June 22, 2011

Decorative Seams Pt. II

Yay! This is the last seam finishing post! I hope you've really enjoyed this series. I'll be showing you some applications from some of my garments soon. To be honest, I've not tried all of the seam finishes I've shown you here, but gosh, now we've all got some food for thought, right? The last of these decorative seams can be really gorgeous - and they are a bit harder than the others, but not really by much. Just take your time and it will work out fine! Here goes:

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Lapped Seams

I've seen lapped seams done a few different ways, so I'll try to consolidate. The first application goes really well in bibbed type bodices, like here where Debi has shown and applied some instructions from a vintage pattern. Doing this in a curved typed seam will really help things go alot smoother.

Threadmark by machine or hand on one seam allowance. Press the other seam allowance under - this part is intended to go on top of the thread marked seam allowance.

Line up the pressed seam allowance along the threadmarks of the threadmarked seam allowance and pin in place.

Topstitch 1/8" away from the folded edge through all thicknesses.

Here's another version of a lapped seam:

For regular woven fabrics, thread mark your seam allowances and press seam allowance under 1/4".

With wrong sides together, line up the threadmarks over the top of each other and pin in place. Note: the pressed under edges should be folded in toward each other.

Topstitch down one side 1/8" from the folded edge on one side and then turn over and do the same for the other.

Now this is all fine and good for wovens, but where this lapped seam application comes in really handy is working with fabrics that won't fray, like leather, and felt or rug hooking wool. Instead of folding and pressing the edges over, you'll merely trim those edges off. You can also topstitch from the right side of the garment for both stitching lines by lining up the next stitching line 1/4" away from the first. Then turn over and trim the excess seam allowance down again. Make sense? The idea here is that you have overlapping seams and the thing to keep in mind is that you need to have the seam allowances be the exact same as if you were doing a regular seam.

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Tucked Seam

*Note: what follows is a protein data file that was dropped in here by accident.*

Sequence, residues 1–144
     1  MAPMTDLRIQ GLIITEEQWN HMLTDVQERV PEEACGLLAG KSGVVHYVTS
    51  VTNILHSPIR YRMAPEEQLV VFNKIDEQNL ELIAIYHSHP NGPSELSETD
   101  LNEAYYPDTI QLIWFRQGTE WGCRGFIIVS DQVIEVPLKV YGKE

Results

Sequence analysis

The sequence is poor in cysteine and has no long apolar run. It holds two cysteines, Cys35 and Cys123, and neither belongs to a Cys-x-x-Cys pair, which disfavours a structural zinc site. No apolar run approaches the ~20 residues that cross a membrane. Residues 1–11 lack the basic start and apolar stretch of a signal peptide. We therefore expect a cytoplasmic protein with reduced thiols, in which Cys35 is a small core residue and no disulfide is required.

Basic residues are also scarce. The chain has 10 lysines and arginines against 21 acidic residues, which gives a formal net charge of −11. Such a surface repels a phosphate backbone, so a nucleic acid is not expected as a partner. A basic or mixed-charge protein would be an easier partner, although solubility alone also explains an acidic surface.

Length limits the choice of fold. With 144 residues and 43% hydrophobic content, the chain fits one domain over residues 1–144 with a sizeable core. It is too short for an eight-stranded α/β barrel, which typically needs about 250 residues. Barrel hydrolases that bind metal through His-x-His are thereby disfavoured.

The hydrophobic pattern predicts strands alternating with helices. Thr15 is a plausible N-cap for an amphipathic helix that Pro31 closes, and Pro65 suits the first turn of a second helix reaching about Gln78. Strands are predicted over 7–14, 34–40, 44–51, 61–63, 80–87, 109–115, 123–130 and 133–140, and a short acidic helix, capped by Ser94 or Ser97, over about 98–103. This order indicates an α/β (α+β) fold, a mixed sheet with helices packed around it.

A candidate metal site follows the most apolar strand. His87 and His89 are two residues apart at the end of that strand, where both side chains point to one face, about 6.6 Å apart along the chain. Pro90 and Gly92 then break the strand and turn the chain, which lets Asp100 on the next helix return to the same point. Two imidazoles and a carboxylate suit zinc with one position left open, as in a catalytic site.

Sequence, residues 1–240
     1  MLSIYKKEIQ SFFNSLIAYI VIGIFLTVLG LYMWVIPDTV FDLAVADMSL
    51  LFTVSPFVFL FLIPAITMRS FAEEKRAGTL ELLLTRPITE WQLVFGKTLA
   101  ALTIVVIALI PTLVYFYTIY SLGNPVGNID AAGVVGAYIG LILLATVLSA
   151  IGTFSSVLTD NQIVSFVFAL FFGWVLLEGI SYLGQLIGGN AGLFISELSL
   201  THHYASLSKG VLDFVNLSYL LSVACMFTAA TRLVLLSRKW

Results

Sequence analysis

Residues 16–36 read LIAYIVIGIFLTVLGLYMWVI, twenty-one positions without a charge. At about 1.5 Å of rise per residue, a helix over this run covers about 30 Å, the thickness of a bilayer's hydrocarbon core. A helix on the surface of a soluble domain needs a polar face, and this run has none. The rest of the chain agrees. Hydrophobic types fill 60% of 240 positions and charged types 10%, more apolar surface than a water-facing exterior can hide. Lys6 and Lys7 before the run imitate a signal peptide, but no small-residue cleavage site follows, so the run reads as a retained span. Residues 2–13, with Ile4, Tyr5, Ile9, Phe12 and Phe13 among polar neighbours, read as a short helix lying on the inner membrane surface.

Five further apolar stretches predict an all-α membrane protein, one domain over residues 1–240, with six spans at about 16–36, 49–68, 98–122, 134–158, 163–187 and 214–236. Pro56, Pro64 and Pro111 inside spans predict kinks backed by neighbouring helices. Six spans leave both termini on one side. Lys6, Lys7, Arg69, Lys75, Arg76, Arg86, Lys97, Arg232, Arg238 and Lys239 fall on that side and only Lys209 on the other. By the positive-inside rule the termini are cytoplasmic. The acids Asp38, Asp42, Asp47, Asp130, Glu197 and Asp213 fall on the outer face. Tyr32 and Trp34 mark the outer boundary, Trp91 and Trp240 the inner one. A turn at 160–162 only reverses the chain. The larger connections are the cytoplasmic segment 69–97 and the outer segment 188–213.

This seam follows the exact same process as the first lapped seam application above except that instead of 1/8" topstitch away from the folded edge, you'll stitch 1/4" away from the folded edge. This results in a tuck - something I'm aching to try on the princess seams of a skirt.

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Fagoted Seam

This is a totally gorgeous decorative seam detail. I have yet to give it a try, but its something you could apply to the yoke of a blouse. You could even apply an ethereal contrasting fabric behind it too, like in the slotted seam.

Turn the seam allowances under and press. Break out some heavy paper and cut in large and wide strips. Pin the folded edges of each seam allowance to the paper leaving a 3/8" space in between the folded edges. Machine or hand baste through all thicknesses.

Now stitch between the folded edges using a fagoting stitch. To fagot stitch, begin by stitching through folded edge and diagonally across opening, entering the fabric from underneath. Place the needle under the thread, creating a twist and stitch diagonally across the opening again, spacing your stitches evenly.

When finished remove the basting stitches and paper and trim the seam allowances to 1/8".

Enjoy Everyone!





  1. Thanks for the mention! I see lapped seams in early 40s patterns all the time. I am LOVING seam finishing week and have already referred back to it. I really want to try the faggoted seams...such a lovely detail!

  2. So inspiring! Thanks for these posts all about seams!

  3. ooh i love this one. but then, i've loved all of these tutes!

  4. Wow, that fagoted seam is absolutely wonderful! I really need to find a project for it.

  5. Loved your seams series! Pics and instructions were spot on! Thanks

  6. Just a comment on your older post about making a pencil skirt sloper.

    I love reading pattern drafting books and have tried slopers from a few of them. I have found that the number, position and width of darts on the skirt sloper can vary quite a lot, depending on which method you are following. One of my books (European Cut) even has a formula for working out the ideal number of darts, depending on the difference between your hip width and waist width at the back, and I think depending on your tummy shape at the front.

    I have also made a duct tape skirt, which I then cut up to make a sloper, and looked at where the darts ended up on that.

    It's a shame you only found a couple of skirts to try on. Lucky for you, you found one you liked! Good luck with your sloper.

  7. I've been enjoying the seam series - it's nice to have a resource like this when planning a project. I used a fagoted seam on my Sorbetto yesterday. I love the way it looks and will definitely be using the technique again.

  8. That's a nice one! I have been sewing for years and have yet to try this !

  9. As for the fatigued seam I took Susan Khaljes online course and she taught this. I tried and tried, but this was so hard! It is so beautiful, I may give it another go.

  10. Hi Sunni, are you going to show us where each of the finishes is "appropriate" in a garment? I just finished my first dress and i think i migh have used the wrong stitch in a place...or two :)
    Thank you so much and I can't wait for the next installment of the Sewing School!


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